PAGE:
This match may be inconsequential in terms of the Six Nations title but the result of this encounter is nevertheless hugely important for both sides.
The respective teams head into the final round of the competition with identical records having won two and lost two. Although Warren Gatland and Jacques Brunel have reasons to be pleased going into this contest, neither will be happy should they end with a defeat.
For Wales particularly, a loss would be especially disappointing. Gatland and his charges always go into Europe’s premier tournament with ambitions of claiming the championship so, having seen that dissipate, a victory is vital.
Despite their internal frustrations of failing to get close to Ireland this year, the New Zealander will be satisfied with the development of their attacking game.
Certainly, their ability to create chances has developed immeasurably and, while the performance against Italy was scrappy at times, it was a display which gave credence to the suggestion that Wales’ squad depth has improved.
Les Bleus will be another interesting challenge, however. Unlike Scotland, Ireland and England, who have on occasion shown an element of fallibility in aspects of their defence, Brunel’s men have remained reasonably stout throughout.
Their ability at the breakdown to both slow play down and win turnovers means that it has been difficult for their opponents to gain consistent front foot ball.
Scotland came closest to truly unpicking this French rearguard by playing at pace, scoring two well-worked tries and tiring the larger forwards out by the final quarter. As a result of the Murrayfield outfit’s success, starting at tempo and manoeuvring the visitors around will no doubt be the plan for the home side.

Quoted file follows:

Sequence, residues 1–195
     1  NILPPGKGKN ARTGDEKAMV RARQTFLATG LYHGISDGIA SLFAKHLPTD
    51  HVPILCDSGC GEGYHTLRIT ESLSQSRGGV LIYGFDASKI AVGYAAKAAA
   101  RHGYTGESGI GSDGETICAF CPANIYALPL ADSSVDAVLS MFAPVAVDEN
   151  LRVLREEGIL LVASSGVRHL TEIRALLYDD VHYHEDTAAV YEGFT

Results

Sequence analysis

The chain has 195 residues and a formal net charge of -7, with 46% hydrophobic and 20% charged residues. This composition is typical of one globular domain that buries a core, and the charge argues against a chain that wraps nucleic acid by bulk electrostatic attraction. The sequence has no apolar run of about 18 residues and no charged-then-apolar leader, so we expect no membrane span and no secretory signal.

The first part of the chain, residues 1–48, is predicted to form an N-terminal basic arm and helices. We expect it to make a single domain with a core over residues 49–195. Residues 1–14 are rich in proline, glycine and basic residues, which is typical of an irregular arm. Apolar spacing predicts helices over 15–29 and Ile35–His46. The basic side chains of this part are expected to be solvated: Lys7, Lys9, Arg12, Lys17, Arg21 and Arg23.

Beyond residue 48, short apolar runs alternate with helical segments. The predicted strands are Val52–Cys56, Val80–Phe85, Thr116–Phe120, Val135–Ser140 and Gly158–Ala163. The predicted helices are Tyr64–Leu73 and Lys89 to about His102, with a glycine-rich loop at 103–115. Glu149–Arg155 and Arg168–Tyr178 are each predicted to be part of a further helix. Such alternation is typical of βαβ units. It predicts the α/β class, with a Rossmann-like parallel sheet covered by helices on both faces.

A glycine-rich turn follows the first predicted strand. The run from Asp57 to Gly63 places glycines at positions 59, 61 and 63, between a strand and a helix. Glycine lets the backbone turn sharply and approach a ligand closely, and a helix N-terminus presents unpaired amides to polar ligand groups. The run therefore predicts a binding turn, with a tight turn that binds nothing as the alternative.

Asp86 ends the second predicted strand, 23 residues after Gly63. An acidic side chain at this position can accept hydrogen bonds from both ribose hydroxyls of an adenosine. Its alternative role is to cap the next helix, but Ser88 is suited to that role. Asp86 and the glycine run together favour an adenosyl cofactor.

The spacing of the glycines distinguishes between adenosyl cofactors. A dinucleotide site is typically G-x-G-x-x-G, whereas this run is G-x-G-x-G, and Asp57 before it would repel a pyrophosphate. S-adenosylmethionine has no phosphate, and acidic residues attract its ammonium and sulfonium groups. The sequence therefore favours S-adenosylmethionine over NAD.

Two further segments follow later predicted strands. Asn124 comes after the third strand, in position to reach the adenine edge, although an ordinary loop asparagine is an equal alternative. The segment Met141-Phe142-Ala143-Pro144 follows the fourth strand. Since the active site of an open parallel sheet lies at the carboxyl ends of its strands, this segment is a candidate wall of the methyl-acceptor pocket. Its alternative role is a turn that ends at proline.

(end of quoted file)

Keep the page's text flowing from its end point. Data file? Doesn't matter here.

It will not be easy as France, in their current guise, can make any match a turgid affair, but the clash of styles may well suit the Welsh. In the pack, with Taulupe Faletau at number eight providing plenty of power and athleticism, they have enough ball-carriers to win the gain-line battle.
Should Gatland’s men dominate the physical confrontation then the backline looks plenty good enough to benefit. The inclusion of Dan Biggar is perhaps a slight surprise following the criticism post-Ireland but the Ospreys man, despite reservations from some observers, does have the ability to get their attack moving.
For France, their triumph over England was a huge fillip and, on the second-half display alone, it was thoroughly deserved, but Brunel’s next task will be to improve their set-piece and threat behind the scrum. Not much then.
Les Bleus, whether through their own issues or the interpretations of referee Jaco Peyper, struggled in the scrum and were even worse at the line-out. With Guilhem Guirado’s absence adding to those woes, there are plenty of potential weaknesses for Wales to exploit.
2017: France won 20-18 in Paris
2016: Wales won 19-10 in Cardiff
2015: Wales won 20-13 in Paris
2014: Wales won 27-06 in Cardiff
2013: Wales won 16-06 in Paris
2012: Wales won 16-09 in Cardiff
2011: France won 09-08 in Auckland
2011: France won 28-09 in Paris
2010: France won 26-20 in Cardiff
2009: France won 21-16 in Paris
Wales: 15 Leigh Halfpenny, 14 George North, 13 Scott Williams, 12 Hadleigh Parkes, 11 Liam Williams, 10 Dan Biggar, 9 Gareth Davies, 8 Taulupe Faletau, 7 Josh Navidi, 6 Justin Tipuric, 5 Alun Wyn Jones (c), 4 Cory Hill, 3 Tomas Francis, 2 Ken Owens, 1 Rob Evans
Replacements: 16 Elliot Dee, 17 Nicky Smith, 18 Samson Lee, 19 Bradley Davies, 20 Aaron Shingler, 21 Aled Davies, 22 Gareth Anscombe, 23 Steff Evans
France: 15 Benjamin Fall, 14 Gael Fickou, 13 Mathieu Bastareaud (c), 12 Geoffrey Doumayrou, 11 Remy Grosso, 10 Francois Trinh-Duc, 9 Maxime Machenaud, 8 Marco Tauleigne, 7 Yacouba Camara, 6 Wenceslas Lauret, 5 Sebastien Vahaamahina, 4 Paul Gabrillagues, 3 Cedate Gomes Sa, 2 Adrien Pelissie, 1 Jefferson Poirot
Replacements: 16 Camille Chat, 17 Dany Priso, 18 Rabah Slimani, 19 Bernard Le Roux, 20 Mathieu Babillot, 21 Baptiste Couilloud, 22 Lionel Beauxis, 23 Geoffrey Palis
Date: Saturday, March 17
Venue: Principality Stadium
Kick-off: 17:00 GMT
Referee: Ben O’Keeffe (New Zealand)
Assistant Referees: Wayne Barnes (England), Luke Pearce (England)
TMO: George Ayoub (Australia)